On November 21, 1963, a Nike-Apache rocket blasted off from the Thumba Equatorial Rocket Launching Station at Thumba, Kerala. This event signalled the dawn of the Indian Space Programme. In 2003, India commemorated the 40th anniversary of the sounding rocket launch with a speech delivered by R Aravamudan, an adivsor to ISRO and a person who has been associated with the effort from much before the sounding rocket launch. The Indian Space Programme was picked out from a large talent pool within the Department of Atomic Energy (DAE) by the father of the Indian Space Programme, Vikram Sarabhai.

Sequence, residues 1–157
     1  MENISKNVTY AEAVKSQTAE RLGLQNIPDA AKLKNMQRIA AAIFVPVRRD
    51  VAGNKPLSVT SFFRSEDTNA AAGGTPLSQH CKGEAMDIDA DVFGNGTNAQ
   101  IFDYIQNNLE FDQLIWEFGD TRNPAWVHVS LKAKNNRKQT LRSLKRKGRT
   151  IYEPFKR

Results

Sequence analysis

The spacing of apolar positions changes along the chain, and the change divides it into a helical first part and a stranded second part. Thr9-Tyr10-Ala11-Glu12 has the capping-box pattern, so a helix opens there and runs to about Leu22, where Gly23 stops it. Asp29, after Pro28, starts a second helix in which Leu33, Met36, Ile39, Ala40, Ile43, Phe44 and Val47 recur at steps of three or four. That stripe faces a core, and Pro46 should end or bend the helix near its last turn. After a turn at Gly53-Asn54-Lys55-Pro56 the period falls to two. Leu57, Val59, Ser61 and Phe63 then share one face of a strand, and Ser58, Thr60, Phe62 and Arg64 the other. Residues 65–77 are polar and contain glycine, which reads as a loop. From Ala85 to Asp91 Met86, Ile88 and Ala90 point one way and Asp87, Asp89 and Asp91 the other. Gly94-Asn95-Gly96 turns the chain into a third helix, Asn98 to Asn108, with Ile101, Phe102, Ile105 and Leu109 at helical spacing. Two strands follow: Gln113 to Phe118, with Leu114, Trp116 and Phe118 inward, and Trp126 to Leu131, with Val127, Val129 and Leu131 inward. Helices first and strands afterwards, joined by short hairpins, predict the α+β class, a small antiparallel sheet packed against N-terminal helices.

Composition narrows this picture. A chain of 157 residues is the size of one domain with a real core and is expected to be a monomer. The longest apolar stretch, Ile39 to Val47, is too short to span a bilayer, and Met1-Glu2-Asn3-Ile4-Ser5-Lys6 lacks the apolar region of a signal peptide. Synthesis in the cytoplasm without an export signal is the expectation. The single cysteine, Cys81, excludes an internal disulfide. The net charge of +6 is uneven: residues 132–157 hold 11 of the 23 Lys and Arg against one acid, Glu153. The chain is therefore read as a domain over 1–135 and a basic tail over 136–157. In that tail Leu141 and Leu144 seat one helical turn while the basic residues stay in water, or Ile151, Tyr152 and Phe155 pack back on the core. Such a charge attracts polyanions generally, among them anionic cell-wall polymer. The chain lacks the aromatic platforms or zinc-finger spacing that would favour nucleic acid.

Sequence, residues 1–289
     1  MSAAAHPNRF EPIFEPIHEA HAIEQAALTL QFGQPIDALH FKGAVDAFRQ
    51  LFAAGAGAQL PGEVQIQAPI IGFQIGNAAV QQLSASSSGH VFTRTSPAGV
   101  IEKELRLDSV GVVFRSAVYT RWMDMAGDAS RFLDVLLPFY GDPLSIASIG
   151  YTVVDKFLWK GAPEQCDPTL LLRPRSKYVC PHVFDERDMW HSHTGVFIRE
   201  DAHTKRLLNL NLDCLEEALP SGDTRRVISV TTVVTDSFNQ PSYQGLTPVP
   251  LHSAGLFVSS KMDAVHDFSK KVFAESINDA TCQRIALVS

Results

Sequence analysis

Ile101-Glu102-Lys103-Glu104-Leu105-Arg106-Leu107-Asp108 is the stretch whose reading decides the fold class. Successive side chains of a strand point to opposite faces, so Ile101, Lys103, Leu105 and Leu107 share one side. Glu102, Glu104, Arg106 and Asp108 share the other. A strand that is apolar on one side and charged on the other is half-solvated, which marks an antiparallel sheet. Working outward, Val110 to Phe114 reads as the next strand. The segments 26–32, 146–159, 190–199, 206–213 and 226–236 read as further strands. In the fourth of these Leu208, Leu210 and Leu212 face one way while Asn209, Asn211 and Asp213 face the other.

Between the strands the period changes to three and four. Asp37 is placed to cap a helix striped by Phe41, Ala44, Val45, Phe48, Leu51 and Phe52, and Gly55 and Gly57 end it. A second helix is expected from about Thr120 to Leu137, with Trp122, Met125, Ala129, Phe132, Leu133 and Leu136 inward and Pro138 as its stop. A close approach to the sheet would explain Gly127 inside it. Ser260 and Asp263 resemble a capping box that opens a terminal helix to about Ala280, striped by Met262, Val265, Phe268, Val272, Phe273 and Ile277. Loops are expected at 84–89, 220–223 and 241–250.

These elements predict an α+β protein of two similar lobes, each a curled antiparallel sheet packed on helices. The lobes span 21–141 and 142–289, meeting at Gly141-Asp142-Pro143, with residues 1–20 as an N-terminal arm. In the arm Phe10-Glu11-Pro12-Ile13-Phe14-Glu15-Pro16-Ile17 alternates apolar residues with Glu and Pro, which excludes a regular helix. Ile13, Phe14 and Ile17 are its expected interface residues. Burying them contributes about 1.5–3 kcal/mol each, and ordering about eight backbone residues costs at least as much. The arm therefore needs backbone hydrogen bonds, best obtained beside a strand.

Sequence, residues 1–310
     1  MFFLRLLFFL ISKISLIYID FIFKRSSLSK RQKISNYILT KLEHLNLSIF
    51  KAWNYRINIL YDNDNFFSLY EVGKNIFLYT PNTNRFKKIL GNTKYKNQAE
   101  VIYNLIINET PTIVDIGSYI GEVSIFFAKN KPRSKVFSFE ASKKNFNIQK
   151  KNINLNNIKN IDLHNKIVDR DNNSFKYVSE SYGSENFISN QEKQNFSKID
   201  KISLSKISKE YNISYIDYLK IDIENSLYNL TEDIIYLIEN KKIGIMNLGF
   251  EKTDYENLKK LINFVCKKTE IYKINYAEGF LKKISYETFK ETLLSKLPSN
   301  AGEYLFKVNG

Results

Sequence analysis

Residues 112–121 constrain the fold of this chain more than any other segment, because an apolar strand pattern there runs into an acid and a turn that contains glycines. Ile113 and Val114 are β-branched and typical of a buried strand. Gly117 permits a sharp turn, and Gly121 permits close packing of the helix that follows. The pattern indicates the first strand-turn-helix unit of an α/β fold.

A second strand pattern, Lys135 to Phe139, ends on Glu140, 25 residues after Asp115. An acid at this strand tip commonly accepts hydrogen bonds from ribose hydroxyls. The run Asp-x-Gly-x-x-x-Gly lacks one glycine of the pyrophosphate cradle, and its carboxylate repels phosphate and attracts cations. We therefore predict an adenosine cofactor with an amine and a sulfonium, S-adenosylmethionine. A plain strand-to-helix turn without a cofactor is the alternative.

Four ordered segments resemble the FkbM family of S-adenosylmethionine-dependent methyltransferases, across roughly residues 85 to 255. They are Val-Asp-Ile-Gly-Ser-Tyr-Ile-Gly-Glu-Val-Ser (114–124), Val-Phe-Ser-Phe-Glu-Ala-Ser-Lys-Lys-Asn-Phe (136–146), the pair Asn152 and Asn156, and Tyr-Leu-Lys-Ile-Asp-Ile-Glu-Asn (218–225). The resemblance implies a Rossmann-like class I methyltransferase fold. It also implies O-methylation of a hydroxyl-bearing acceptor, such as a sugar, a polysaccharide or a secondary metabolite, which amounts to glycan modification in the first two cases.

Unlike many space programmes around the world, the Indian Space Programme progressed at a steady pace. In what can be called the Vikram Sarabhai decade stretching out from 1963 to 1973, the period was for vision, sowing the seeds of the programme, getting the key people together and setting up of various resources required for the development of these programmes. The second decade under the healm of Satish Dhawan from 1973 to 1983, India delineated the Space Programme, got Government approvals (ISRO became a government body in 1972 and was formed out of INCOSPAR). In this decade, India saw the launch of it’s first satellite, Aryabhata in 1975 and also the development of the indigenous Satellite Launch Vehicle by Abdul Kalam. Almost simultaneously, the USA applied sanctions against India on the export of dual-use technology to India. India was thus forced to look at indigenous solutions. Satellite Instructional Television Experiment (SITE), called the largest social space experiment in the world, also happened during this time. The third decade was under U R Rao (1983-1993), was a learning period of India. A period of sub-system and launch vehicle component development, testing out of the new launch vehicles (ASLV and PSLV) yielding significant data, setting up and operationalising of the remote sensing programmes, development of ground infrastructure and launch of operational satellites in geosynchronus and low earth orbits. It was in this decade, that India had its first Cosmonaut in Rakesh Sharma who famously said,”Saare jahan se acha, Hindustan hamara” (More beautiful than all lands on Earth is our nation, India). The fourth decade came up under Dr. Kasturirangan (1993-2003), saw rich returns for India’s investments in the space programme. Successes with launches and launch vehicle technologies like the PSLV and GSLV ensured with an assured safety gave India the confidence to move ahead. It was around this time that ISRO’s commercial arm, Antrix Corporation was setup. India began to provide launch facilites for international customers. The end of this decade was also when ISRO claimed in 1999 that it was ready for a journey to the moon and the root of Chandrayaan 1 lay. The programme was announced in 2003, giving ISRO the go-ahead for the programme.The current decade is under the healm of Madhavan Nair and is expected to stretch out till 2013. We’re already seeing the boost of Indian space science missions along with other satellite missions of the INSAT and IRS classes. Astrosat is another space science mission expected in 2009-10 timeframe. The expansion of the space science programme is a wonderful thing to be a part of.